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Electron Energy Loss Spectroscopy in Analysis of Surfaces

Surfaces

  1. J.L. Erskine

Published Online: 15 SEP 2006

DOI: 10.1002/9780470027318.a2505

Encyclopedia of Analytical Chemistry

Encyclopedia of Analytical Chemistry

How to Cite

Erskine, J. 2006. Electron Energy Loss Spectroscopy in Analysis of Surfaces. Encyclopedia of Analytical Chemistry.

Author Information

  1. The University of Texas at Austin, Austin, USA

Publication History

  1. Published Online: 15 SEP 2006

Abstract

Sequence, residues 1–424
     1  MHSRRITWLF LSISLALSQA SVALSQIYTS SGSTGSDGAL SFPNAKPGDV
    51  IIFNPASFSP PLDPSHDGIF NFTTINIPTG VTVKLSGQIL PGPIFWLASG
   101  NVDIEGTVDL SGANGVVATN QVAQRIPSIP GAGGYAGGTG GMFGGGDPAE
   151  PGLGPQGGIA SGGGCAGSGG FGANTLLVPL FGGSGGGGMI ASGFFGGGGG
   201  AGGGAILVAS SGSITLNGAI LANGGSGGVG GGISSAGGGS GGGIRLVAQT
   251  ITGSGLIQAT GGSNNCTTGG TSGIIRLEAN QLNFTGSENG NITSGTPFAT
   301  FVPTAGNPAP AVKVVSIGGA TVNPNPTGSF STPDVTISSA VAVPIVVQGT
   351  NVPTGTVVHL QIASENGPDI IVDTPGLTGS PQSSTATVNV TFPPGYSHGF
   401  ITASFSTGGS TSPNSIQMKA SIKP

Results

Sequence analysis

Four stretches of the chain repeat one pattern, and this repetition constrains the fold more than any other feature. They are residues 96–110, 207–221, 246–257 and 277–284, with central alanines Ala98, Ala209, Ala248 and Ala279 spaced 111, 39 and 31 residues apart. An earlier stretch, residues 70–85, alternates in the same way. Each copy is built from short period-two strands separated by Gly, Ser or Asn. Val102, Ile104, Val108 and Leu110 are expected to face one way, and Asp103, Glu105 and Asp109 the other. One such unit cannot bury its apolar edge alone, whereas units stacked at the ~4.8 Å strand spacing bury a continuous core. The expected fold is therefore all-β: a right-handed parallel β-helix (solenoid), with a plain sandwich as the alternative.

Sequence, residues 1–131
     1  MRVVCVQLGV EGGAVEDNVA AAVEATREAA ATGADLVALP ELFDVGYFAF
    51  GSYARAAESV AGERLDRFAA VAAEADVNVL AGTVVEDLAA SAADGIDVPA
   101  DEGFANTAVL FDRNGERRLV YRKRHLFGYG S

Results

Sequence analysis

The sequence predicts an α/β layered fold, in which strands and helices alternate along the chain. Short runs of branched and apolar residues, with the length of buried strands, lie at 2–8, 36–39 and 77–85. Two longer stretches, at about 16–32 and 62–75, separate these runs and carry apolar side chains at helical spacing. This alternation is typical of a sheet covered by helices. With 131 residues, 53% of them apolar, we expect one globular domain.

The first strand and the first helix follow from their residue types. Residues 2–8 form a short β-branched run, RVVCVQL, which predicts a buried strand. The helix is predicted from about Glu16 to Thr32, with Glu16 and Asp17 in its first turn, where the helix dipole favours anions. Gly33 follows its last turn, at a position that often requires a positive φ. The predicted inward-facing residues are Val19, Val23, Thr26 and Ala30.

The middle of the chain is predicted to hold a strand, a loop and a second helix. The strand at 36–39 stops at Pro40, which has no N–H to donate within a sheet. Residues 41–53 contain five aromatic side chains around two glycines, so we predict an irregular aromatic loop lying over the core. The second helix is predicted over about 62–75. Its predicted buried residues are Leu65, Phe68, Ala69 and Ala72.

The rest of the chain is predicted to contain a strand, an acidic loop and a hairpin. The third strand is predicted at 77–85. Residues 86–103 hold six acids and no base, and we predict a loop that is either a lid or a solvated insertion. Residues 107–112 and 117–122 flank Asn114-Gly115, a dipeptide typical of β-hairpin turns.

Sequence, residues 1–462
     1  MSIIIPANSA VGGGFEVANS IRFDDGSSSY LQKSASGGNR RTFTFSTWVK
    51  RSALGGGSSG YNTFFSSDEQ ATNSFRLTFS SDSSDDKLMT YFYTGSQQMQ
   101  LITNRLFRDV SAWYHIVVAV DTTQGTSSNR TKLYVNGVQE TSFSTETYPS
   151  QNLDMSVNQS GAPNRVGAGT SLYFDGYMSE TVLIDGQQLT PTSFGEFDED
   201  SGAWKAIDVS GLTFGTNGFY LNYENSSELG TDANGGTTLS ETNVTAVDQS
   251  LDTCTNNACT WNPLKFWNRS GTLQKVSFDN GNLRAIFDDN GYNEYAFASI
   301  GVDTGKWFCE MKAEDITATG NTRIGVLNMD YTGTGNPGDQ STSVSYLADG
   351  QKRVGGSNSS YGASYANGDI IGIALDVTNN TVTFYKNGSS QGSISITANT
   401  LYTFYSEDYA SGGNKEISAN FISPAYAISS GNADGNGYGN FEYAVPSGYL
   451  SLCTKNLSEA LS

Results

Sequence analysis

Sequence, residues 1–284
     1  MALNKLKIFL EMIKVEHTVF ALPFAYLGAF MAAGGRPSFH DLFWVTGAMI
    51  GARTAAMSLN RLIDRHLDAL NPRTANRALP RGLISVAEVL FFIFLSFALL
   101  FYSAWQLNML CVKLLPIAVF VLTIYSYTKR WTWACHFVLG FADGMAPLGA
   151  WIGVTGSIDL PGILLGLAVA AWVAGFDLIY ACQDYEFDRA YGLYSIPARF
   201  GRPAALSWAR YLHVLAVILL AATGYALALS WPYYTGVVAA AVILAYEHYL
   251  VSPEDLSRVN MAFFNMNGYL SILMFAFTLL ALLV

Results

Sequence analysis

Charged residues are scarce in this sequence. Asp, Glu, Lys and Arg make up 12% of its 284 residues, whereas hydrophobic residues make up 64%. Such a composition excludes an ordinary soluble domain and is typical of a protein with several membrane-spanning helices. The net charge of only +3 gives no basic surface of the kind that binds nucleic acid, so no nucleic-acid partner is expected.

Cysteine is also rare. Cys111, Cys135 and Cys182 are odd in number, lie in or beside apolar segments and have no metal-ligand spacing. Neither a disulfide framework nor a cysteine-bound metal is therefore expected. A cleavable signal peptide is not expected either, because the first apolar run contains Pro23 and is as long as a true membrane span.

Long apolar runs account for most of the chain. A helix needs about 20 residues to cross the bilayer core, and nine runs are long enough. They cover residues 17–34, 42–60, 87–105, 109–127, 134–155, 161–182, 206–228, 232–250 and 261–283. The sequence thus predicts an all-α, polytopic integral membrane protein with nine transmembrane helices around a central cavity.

Electron energy loss spectroscopy (EELS) is a versatile and sensitive probe of electronic and vibrational excitations at surfaces. The technique is extensively used as a research and analytical tool in a broad range of surface science applications including research on intrinsic physical and chemical properties of surfaces, chemisorption phenomena, and chemical processes at surfaces. The spectroscopy is based on measuring the energy loss and momentum transfer of electrons in a highly collimated, monochromatic (narrow energy spread) beam after the electrons scatter from a surface. Vibrational excitations of atoms and molecules adsorbed on surfaces, collective excitations of ordered chemisorbed structures, the intrinsic collective excitations of surface atoms (surface phonons), and collective electronic excitations (surface plasmons) can be studied using the technique. Under favorable conditions, vibrational losses from surface adsorbate concentrations below 10−3 monolayer (1012 atoms cm−2) can be detected. EELS is a surface science probe, typically requiring an ultrahigh vacuum (UHV) environment, and is generally employed in conjunction with complementary surface analytical probes such as Auger electron spectroscopy (AES), low-energy electron diffraction (LEED) and thermal desorption mass spectroscopy (TDS). EELS is an ideal tool for determining surface chemical composition, and provides vibrational loss spectra similar to infrared reflection absorption spectroscopy (IRAS), Raman spectroscopy, and helium atom scattering spectroscopy (HAS).